When the neutron energy becomes comparable to the (thermal) energy of the protons, the approximation of zero proton velocity breaks down, and a much more complex description is necessary, including the thermal motion of the proton and its surroundings. The effect is, nevertheless, that the neutrons quickly reach thermal equilibrium with the surrounding material.

Energy distribution of moderated neutrons

Figure 4: Maxwellian wavelength distributions corresponding to typical cold (30K) and thermal (300 K) sources. Left figure shows a plot with linear axis and right panel shows the intensities on a logarithmic scale to emphasize the behaviour at long wavelengths.

Most moderators consist of a tank with liquid water (H\(_2\)O; 300 K), which will slow down neutrons to roughly thermal equilibrium. When neutrons of lower energies are required, moderators of liquid hydrogen (H\(_2\); 30 K) or solid methane (CH\(_4\); 100 K) are used in connection with water pre-moderators. At ILL, there is even a hot moderator consisting of graphite at 2000 K. We will here discuss the implications of the moderator temperature.

Neutrons moderated at a temperature, \(T\), will ideally have a distribution of velocities, \(v\), given by the Maxwellian distribution of velocities, which is proportional to \(v^2\) times the Boltzmann factor \(\exp(-E_{\rm kin}/k_{\rm B}T)\). Since neutron emission through a (imaginary) hole at the moderator surface is essentially an effusion process, the intensity of neutrons from a beam port can be written as:

\begin{equation}\label{eq:maxwell_v} I(v) = I_0 v^{3} \exp\left(- \dfrac{m_{\rm n} v^2}{2 k_{\rm B} T}\right) , \end{equation}

where \(I_0\) is a constant proportional to the source power, \(k_{\rm B}\) is Bolzmann's constant, and the extra power of \(v\) comes from the effusion (faster particles have higher probability per time of leaving through the hole). The velocity distribution \eqref{eq:maxwell_v} peaks at \(v_{\rm max} = \sqrt{3 k_{\rm B}T/m_{\rm n}}\), corresponding to an energy of \(3 k_{\rm B} T / 2\).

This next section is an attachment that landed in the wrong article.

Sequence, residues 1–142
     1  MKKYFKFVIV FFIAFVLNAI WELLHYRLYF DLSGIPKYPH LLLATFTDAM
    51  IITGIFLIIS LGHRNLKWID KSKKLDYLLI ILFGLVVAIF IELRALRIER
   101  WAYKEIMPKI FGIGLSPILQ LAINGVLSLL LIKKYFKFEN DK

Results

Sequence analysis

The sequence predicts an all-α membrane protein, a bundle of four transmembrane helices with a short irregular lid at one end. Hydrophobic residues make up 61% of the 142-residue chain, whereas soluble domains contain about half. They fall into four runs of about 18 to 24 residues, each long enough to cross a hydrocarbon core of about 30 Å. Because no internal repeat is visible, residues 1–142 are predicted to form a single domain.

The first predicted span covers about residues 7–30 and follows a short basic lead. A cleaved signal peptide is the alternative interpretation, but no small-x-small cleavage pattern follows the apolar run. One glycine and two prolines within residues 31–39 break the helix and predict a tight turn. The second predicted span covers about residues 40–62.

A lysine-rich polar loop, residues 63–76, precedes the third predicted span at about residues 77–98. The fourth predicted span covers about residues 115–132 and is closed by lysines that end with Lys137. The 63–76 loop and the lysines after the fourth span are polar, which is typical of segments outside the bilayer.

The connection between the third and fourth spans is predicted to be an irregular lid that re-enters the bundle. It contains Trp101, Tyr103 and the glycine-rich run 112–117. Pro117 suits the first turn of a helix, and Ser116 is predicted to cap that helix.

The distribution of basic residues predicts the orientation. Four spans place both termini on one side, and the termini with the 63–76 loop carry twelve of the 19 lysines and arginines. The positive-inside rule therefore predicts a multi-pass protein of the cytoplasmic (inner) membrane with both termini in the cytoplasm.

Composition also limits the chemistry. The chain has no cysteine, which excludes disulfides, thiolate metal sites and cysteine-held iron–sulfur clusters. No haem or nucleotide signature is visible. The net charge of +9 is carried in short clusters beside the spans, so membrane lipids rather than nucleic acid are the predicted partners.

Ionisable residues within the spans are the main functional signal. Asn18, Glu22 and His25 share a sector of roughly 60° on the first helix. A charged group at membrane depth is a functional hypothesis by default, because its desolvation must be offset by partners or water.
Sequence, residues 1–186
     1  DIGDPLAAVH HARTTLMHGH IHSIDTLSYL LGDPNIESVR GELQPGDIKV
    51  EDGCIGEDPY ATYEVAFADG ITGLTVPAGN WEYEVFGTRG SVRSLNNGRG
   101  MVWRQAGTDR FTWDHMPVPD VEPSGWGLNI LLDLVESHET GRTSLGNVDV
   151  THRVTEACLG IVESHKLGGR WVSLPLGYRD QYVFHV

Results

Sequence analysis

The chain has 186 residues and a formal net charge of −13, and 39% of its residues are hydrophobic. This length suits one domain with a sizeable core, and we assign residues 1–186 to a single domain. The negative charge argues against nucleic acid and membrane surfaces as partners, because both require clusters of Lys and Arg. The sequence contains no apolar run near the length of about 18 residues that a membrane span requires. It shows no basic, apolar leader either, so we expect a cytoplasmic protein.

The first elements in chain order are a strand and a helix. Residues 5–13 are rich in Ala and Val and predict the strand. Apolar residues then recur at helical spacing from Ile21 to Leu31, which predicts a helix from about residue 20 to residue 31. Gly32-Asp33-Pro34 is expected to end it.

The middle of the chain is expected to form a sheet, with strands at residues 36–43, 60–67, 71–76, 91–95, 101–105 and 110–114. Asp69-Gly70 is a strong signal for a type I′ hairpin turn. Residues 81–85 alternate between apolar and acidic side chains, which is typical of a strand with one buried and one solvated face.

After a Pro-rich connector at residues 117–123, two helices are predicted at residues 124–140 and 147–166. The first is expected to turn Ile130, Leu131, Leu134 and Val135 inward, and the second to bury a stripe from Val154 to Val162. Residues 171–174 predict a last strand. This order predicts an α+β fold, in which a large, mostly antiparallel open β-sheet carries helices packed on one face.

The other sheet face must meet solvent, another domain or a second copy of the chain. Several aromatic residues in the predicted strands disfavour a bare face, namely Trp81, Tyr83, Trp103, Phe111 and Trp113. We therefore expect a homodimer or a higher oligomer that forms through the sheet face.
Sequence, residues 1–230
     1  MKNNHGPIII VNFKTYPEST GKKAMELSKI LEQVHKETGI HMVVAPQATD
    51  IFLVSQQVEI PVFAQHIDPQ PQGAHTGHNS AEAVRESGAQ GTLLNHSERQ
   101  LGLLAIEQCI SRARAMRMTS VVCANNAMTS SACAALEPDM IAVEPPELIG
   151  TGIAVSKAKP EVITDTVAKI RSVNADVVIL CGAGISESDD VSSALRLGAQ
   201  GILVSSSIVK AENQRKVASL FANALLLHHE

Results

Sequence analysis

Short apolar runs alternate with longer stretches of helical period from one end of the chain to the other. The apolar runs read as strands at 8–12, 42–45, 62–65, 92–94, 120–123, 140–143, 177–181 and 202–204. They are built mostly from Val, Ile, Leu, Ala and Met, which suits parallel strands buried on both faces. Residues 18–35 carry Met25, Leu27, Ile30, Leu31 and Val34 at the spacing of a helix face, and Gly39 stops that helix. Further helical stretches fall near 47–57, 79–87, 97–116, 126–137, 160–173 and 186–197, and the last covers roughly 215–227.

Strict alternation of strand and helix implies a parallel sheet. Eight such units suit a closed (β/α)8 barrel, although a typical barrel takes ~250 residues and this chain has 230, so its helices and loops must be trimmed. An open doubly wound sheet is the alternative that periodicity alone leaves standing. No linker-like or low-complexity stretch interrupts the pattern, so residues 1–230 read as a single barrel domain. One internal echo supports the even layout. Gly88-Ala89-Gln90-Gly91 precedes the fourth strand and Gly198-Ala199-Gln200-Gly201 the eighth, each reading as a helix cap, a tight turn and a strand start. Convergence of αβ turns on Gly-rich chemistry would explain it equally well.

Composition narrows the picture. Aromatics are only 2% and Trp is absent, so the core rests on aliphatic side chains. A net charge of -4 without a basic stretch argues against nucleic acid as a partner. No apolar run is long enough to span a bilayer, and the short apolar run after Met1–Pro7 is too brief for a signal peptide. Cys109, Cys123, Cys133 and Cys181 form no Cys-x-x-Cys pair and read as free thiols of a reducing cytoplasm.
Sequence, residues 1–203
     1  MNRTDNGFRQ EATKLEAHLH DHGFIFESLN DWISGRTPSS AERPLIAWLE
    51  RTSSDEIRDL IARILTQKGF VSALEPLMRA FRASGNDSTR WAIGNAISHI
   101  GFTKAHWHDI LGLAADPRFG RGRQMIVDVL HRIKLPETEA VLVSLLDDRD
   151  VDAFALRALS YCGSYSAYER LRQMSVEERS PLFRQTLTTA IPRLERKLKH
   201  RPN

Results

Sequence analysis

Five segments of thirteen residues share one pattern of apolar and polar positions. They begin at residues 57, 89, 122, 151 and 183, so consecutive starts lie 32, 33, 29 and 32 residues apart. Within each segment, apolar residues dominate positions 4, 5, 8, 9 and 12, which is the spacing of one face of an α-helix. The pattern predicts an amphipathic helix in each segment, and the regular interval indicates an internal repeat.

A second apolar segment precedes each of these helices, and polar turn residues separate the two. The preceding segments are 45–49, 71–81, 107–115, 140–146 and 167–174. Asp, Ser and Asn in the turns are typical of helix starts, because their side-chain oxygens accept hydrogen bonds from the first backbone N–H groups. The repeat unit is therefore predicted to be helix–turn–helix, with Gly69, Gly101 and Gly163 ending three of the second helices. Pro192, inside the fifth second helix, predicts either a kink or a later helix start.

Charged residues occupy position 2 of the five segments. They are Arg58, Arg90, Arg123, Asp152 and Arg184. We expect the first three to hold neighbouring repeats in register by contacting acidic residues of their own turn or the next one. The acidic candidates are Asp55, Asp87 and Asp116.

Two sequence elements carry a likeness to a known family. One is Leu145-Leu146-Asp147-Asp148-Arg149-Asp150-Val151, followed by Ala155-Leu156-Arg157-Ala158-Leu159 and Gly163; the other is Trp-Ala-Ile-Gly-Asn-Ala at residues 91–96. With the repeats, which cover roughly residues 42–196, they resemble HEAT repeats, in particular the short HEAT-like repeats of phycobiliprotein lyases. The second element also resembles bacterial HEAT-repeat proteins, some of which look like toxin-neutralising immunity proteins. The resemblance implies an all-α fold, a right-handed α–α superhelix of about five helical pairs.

It is customary to define the equivalent temperature of neutrons with a certain energy. The relation is given by

\begin{equation}\label{dummy1240073730} E = \dfrac{m_{\rm n} v^2}{2} = k_{\rm B} T_{\rm equiv} . \end{equation}

Describing the Maxwellian distribution in equation \eqref{eq:maxwell_v} in terms of wavelength requires some care. Since \(v = 2 \pi \hbar / (m_{\rm n} \lambda)\), we have \(dv = - 2 \pi \hbar d\lambda / (m_{\rm n} \lambda^2)\). Hence, the wavelength and velocity axes do not scale linearly, and a transformation of the distribution must be applied:

\begin{equation}\label{eq:maxwell_l} I(\lambda) \equiv \dfrac{dN}{d\lambda} = \dfrac{dN}{dv} \left| \dfrac{dv}{d\lambda}\right| = I'_0 \lambda^{-5} \exp\left(- \dfrac{2 \pi^2 \hbar^2}{\lambda^2 m_{\rm n} k_{\rm B} T}\right) , \end{equation}

where \(I_0' \propto I_0\) and \(N\) is the total number of neutrons. This distribution peaks at \(\lambda = 2 \pi \hbar \sqrt{3 / (5 m_{\rm n} k_{\rm B} T)}\), corresponding to \(E = 5 k_{\rm B} T / 3\). The energy equivalent of the peak value is thus changed by 10% between the two representations of the Maxwellian distribution due to the non-linear transformation, even though the two equations describe the same neutrons. Neutron moderator spectra are typically expressed in terms of the wavelength distribution, as illustrated in Figure 4.

Moderator brilliance and the Liouville theorem

Since neutron scattering is mostly an intensity limited technique, an important quantity for a neutron source (a moderator) is the produced number of neutrons per unit of time. However, an even more useful number is the moderator brilliance, \(B\), which describes the produced number of neutrons per unit of time, per moderator area, per solid angle of flight direction, per wavelength interval. For example, a compact reactor core will have a higher brilliance than a less dense one, even though the total neutron production may be equal. In reality, the brilliance (or peak brilliance for pulsed sources) is almost the only relevant value for a neutron source. Brilliance is useful also at other positions in the neutron instrument, typically at the sample position, and has the same definition as above. In general \(B\) depends upon the position of the moderator, the time (for pulsed sources), and the direction and wavelength of the emitted neutrons